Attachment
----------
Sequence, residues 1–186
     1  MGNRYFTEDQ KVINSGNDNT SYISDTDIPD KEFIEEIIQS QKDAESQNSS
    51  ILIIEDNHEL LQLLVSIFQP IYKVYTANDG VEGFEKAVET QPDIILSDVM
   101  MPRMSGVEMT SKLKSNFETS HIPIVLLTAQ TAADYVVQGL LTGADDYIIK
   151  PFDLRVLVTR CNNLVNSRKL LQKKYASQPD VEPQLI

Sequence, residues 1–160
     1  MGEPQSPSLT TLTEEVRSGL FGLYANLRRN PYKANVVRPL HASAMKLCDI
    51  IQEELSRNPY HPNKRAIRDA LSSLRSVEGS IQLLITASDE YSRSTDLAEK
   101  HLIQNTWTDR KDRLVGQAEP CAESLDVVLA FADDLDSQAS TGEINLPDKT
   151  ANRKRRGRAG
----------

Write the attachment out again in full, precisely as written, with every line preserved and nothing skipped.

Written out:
Sequence, residues 1–186
     1  MGNRYFTEDQ KVINSGNDNT SYISDTDIPD KEFIEEIIQS QKDAESQNSS
    51  ILIIEDNHEL LQLLVSIFQP IYKVYTANDG VEGFEKAVET QPDIILSDVM
   101  MPRMSGVEMT SKLKSNFETS HIPIVLLTAQ TAADYVVQGL LTGADDYIIK
   151  PFDLRVLVTR CNNLVNSRKL LQKKYASQPD VEPQLI

Sequence, residues 1–160
     1  MGEPQSPSLT TLTEEVRSGL FGLYANLRRN PYKANVVRPL HASAMKLCDI
    51  IQEELSRNPY HPNKRAIRDA LSSLRSVEGS IQLLITASDE YSRSTDLAEK
   101  HLIQNTWTDR KDRLVGQAEP CAESLDVVLA FADDLDSQAS TGEINLPDKT
   151  ANRKRRGRAG